In the hours after Williamson County Mayor Rogers Anderson lifted the mandate on wearing masks or facial coverings that was issued in July in response to the COVID-19 pandemic, Franklin Mayor Ken Moore released an advisory statement on the matter.
Anderson’s decision not to extend the mandate went into effect at midnight Saturday and came under Gov. Bill Lee’s Executive Order 59.
Below is the statement Moore released Sunday afternoon to the citizens of Franklin and those visiting the city.
“As Mayor of Franklin, my first priority is to protect the wellbeing of our community. I respect County Mayor Anderson’s position and the decision he made regarding the mask/face covering mandate. However, I urge the citizens of Franklin in the strongest possible terms to continue to wear masks/facial coverings in public and in any area where appropriate physical distancing cannot be maintained. As your Mayor and as a Medical Doctor for more than 50 years, I am imploring Franklin citizens to continue to do their part to fight COVID-19.
“Part of what makes Franklin a special place is the care our community exemplifies every day. Franklinites are always ready to help a neighbor or volunteer for a project. In the same spirit, I urge each and every one of our citizens and businesses to step up at this critical time when students are returning to school and we are continuing to fully reinvigorate our local economy.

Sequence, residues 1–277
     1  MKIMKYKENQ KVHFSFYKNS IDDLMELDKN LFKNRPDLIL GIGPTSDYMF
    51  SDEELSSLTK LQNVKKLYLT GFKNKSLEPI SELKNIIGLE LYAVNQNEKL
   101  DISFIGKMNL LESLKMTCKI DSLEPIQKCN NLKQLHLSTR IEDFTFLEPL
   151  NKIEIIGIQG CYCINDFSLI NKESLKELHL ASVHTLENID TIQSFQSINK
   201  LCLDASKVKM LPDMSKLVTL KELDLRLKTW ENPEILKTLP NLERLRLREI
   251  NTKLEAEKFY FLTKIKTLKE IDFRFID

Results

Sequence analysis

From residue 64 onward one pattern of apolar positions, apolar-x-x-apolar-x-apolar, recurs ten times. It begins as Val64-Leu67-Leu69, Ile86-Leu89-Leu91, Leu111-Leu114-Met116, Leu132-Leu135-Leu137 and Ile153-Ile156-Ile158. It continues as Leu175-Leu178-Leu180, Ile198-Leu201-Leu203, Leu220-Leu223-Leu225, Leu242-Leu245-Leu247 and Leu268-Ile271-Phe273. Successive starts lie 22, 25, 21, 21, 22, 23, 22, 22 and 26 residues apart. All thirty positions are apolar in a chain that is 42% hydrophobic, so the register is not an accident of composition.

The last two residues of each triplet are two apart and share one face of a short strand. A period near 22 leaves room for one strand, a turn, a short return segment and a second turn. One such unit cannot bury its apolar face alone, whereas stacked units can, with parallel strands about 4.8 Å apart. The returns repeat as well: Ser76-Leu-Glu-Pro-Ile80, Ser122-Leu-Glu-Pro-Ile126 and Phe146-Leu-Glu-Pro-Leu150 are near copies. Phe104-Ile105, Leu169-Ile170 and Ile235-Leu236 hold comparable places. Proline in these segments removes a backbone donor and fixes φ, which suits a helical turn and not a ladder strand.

“Governor Bill Lee’s Tennessee Pledge continues with the goal to safely bolster our recovering state economy while keeping businesses open and citizens safe. Governor Lee’s mask campaign is also ongoing, calling on all Tennesseans to fight COVID-19 by wearing masks/facial coverings.
“The data clearly shows that we are making progress in combatting COVID-19, but we have more work to do in fighting this pandemic. I firmly believe that the widespread wearing of masks/face coverings has made a positive impact in our ability to slow the spread of COVID-19 in our community.
"Since the active COVID-19 cases peaked on July 19th at 1,545 cases, the community has seen a consistent, steady decline. As of August 29th, the Williamson County community is at 1,129 active cases, a decrease of 26.9%. But keep in mind, this is still a higher active case count than when the initial mask order went into effect on July 8, 2020.
“While this progress in encouraging, our community is certainly not 'out of the woods' when it comes to beating COVID-19. The fact that there are still 1,129 active cases in the community paired with a current positive testing rate of 7.7% is of real concern.
“Again, I urge all citizens and those visiting our community to do their part by wearing a mask/facial covering, keeping appropriate physical distancing, and washing hands frequently. These simple, commonsense actions will help keep you, your family, your friends, and the community safer during these challenging times.”